Abstract

Purpose: Engagement in advance care planning (ACP) is viewed as a way to prepare for possible death. In patients undergoing hematopoietic stem-cell transplantation (HSCT), an aggressive but possibly curative procedure for cancer, encouraging engagement in ACP is difficult. We conducted this analysis to determine if engagement in ACP among patients who undergo HSCT is associated with adverse outcomes. Patients and Methods: Adult patients who were undergoing their first HSCT for hematologic malignancies between 2001 and 2003 were included. ACP was defined as having a living will, a power of attorney for health care, or life-support instructions. Outcomes assessed included the length of hospital stay, in-hospital mortality, and overall survival. Results: Of the 343 patients, 172 did not have ACP, whereas 171 did have ACP, and 127 of those were reviewable. Of those with reviewable ACP, 28 patients (22%) completed ACP before cancer diagnosis, 87 (68%) completed ACP after the cancer diagnosis but before HSCT, and 12 (10%) engaged in ACP after HSCT. Patients without ACP before HSCT had a significantly greater risk of death compared with patients with ACP (hazard ratio, 2.11; 95% CI, 1.34 to 3.33; P = .001) while adjusting for statistically significant factors. Conclusion: Our study demonstrated that lack of engagement in ACP is associated with adverse outcomes after HSCT. Thus, the patients least likely to have planned for poor outcomes are the ones most likely to face them. Additional studies should evaluate the nature of this association and should seek modifiable explanatory factors that could be the target of interventions.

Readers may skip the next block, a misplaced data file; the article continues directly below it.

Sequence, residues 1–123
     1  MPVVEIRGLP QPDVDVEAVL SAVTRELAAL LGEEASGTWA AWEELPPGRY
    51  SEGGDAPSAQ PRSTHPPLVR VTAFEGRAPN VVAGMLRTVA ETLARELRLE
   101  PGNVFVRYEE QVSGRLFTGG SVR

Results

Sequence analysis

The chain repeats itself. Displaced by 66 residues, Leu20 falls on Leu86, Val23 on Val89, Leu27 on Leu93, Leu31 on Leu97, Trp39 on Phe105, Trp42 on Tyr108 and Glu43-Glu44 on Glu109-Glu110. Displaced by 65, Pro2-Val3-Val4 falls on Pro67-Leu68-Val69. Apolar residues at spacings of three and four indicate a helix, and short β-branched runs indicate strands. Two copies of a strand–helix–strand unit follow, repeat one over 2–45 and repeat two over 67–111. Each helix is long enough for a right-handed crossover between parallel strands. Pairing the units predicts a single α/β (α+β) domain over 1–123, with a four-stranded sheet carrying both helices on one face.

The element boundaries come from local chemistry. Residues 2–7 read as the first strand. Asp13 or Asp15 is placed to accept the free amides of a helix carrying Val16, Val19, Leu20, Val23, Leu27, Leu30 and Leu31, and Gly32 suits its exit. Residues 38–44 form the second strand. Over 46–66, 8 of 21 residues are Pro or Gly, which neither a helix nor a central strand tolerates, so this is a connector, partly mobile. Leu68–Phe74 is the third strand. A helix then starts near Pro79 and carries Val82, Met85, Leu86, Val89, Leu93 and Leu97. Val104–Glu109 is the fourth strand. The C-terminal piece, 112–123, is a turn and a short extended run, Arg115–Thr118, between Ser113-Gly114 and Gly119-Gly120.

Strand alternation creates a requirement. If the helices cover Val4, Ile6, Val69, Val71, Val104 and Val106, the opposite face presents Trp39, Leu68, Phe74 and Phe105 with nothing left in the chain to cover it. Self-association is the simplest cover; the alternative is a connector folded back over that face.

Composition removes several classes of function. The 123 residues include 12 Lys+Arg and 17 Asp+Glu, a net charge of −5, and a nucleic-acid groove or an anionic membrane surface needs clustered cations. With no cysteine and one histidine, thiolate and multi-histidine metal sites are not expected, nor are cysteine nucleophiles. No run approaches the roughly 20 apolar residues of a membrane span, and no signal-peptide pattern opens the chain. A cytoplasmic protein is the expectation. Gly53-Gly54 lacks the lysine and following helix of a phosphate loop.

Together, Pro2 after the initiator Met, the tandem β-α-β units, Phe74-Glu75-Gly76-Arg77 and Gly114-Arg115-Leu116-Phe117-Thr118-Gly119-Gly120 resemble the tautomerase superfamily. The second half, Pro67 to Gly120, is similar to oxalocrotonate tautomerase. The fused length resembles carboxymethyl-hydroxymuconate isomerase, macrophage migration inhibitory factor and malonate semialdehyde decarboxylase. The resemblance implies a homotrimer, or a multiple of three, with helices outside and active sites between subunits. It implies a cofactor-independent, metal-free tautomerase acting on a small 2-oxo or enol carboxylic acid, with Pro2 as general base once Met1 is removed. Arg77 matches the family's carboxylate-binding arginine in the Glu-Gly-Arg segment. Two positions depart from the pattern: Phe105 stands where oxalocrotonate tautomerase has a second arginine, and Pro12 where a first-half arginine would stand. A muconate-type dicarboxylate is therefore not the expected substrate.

Original languageEnglish (US)
Pages (from-to)5643-5648
Number of pages6
JournalJournal of Clinical Oncology
Volume25
Issue number35
DOIs
StatePublished - Dec 10 2007

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Advance Care Planning
Hematopoietic Stem Cell Transplantation
Hematologic Neoplasms
Length of Stay
Living Wills
Life Support Care
Advance Directives
Neoplasms
Hospital Mortality

ASJC Scopus subject areas

  • Oncology
  • Cancer Research

Cite this

@article{be3777b6fb8e49d08ae44f0b108e2d0d,
title = "Outcomes after hematopoietic stem-cell transplantation for hematologic malignancies in patients with or without advance care planning",